100910 SMH Domain Photo Steven Siewert.Tony Grybowski in the foyer of the Wroxton Apartment building in Elizabeth Bay/ Rushcutters Bay that was originally covered on carpet over the floors and walls.The wood paneling and Terrazzo floors have been restored. SPECIAL SS100910 Tony Grybowski, the new Australia Council for the Arts chief executive officer.
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An audit of grants by the respected Australia Council has found more efficient processes are needed at the arts funding and advisory body, while new metrics for administration should be created.

The Australian National Audit Office probe published last week considered more than $173 million in grants programs awarded by the council in 2015-16, representing 88 per cent of its $197.6 million in total expenses.

A federal government entity, the council exists to fund the creation and presentation of new art that is accessible to audiences across Australia and overseas.

Auditor-General Grant Hehir said benchmarking of the council’s activities against comparative organisations indicated administration of its grants to Australian artists and arts organisations could be improved.

The report said the council had not established metrics to inform itself, federal Parliament and the public about how efficient its distribution of funding was, had not measured changes in output over time and had not used key data to improve internal review processes.

It found the average cost for the Australia Council to administer the grants program was $0.04 for each $1 of grant funding, and the cost to administer each application received was $1359.

The average cost to administer the grants program was found to be 33 per cent above the average costs for a group of similar organisations.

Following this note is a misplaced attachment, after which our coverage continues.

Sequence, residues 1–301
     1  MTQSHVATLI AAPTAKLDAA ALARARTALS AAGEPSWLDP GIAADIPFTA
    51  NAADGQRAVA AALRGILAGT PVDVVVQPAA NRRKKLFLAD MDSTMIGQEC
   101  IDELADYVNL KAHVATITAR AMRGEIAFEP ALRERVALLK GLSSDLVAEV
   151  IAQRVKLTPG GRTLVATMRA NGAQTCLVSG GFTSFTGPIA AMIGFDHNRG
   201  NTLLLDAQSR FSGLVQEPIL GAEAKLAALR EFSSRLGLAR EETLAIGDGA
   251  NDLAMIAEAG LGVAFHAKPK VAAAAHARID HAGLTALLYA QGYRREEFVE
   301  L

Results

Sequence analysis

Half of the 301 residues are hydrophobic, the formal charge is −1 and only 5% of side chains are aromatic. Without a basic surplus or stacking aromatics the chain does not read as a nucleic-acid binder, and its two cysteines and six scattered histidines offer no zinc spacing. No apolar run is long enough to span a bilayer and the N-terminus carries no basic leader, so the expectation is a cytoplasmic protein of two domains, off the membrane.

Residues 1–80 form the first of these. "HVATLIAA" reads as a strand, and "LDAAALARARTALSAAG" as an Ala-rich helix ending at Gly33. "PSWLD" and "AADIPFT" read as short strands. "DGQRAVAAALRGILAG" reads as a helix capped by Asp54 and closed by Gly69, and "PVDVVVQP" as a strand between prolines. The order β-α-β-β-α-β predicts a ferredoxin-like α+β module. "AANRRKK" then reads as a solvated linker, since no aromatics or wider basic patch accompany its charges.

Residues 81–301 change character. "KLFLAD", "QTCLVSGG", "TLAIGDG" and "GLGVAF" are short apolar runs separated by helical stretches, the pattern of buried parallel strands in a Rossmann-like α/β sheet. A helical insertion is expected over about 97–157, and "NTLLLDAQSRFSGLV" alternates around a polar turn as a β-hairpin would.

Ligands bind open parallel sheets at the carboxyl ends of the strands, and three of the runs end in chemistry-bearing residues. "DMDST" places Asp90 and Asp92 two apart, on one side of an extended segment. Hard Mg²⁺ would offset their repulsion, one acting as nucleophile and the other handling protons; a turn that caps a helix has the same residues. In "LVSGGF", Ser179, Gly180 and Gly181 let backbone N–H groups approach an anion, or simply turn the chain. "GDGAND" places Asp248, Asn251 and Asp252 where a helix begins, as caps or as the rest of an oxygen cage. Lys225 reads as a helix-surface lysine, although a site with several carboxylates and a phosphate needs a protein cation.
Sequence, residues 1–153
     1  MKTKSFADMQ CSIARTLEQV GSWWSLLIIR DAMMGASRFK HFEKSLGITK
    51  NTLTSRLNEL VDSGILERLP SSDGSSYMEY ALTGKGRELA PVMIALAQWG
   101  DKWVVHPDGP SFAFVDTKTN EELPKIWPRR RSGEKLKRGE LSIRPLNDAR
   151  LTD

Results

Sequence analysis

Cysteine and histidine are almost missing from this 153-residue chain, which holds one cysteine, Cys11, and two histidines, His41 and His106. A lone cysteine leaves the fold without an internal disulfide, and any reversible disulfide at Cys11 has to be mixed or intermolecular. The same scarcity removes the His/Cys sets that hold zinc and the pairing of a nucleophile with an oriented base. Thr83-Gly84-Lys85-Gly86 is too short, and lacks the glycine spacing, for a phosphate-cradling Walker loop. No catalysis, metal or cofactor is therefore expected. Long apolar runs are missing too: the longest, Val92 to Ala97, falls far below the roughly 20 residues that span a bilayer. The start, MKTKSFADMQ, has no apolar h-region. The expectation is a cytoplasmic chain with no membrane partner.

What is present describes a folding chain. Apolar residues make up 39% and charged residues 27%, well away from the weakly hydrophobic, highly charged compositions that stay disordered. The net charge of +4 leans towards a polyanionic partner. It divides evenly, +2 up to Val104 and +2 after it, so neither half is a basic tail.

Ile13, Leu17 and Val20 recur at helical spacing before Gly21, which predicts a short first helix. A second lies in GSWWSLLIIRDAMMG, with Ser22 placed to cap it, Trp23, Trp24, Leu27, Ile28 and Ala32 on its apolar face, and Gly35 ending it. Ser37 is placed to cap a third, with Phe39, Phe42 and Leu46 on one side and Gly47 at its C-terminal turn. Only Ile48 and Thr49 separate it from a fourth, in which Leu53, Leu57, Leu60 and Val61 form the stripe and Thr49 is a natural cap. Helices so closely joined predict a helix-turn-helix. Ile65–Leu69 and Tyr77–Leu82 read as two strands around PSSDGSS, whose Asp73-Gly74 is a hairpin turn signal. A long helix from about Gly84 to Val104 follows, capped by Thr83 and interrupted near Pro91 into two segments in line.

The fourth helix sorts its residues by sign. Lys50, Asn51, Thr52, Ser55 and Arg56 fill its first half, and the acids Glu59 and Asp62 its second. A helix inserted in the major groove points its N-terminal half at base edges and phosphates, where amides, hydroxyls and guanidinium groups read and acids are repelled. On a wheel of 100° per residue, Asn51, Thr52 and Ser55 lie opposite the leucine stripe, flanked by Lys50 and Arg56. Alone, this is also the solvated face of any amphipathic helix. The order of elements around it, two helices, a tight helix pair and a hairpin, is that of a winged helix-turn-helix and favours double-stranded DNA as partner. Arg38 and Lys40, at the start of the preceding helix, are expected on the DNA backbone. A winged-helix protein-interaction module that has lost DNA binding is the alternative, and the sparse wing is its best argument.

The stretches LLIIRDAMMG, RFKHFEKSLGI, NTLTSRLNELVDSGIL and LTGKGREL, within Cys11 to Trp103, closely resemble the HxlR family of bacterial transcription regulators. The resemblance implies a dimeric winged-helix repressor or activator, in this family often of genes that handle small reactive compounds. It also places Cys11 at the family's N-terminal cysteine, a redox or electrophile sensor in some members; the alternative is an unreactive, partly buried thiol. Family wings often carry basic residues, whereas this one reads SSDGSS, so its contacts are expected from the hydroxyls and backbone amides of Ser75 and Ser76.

Results for three of its five programs were lower than the average cost for the eight other programs considered, while the average cost across the five Australia Council programs was 46 per cent higher than the average cost of the other grants programs.

“It is unclear if the Australia Council has become more efficient over time,” the report said.

“The Australia Council has not established grant administration metrics to support the measurement and benchmarking of its efficiency in administering grant funding – one of the key mechanisms for delivery of its statutory functions.

“Benchmarking conducted by the ANAO indicates that the efficiency of the Australia Council’s administration of the grants program, and its component grants programs, varies across the measures calculated.”

In 2015, then arts minister George Brandis said the Australia Council was perceived as a “closed shop” for established artists, with an “iron wall that you’re either inside or outside”.

He controversially diverted nearly $105 million to a new program controlled by federal bureaucrats, sparking outcry from advocates who protested cuts to funding and possible political interference.

His successor, Mitch Fifield, axed the Catalyst program and returned funding to the council.

The report called for more formal risk assessment processes, greater focus to the efficiency of grants administration, as well as routine benchmarking and evaluation.

The council agreed to the recommendations in principle but disputed the benchmarking against other organisations as an appropriate comparative measure.

“Throughout the design and implementation of the grants program, the Australia Council and its board have worked assiduously to achieve high standards of efficiency and effectiveness in the delivery of arts funding,” the council said in response to the report.

“Efficiencies have already been realised through a significant reduction in the number of grants categories, development of streamlined funding criteria and eligibility requirements, and a decrease in staffing levels for the grants program, despite increases in the quantum of grants funds under administration.”

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This story Administrator ready to work first appeared on Nanjing Night Net.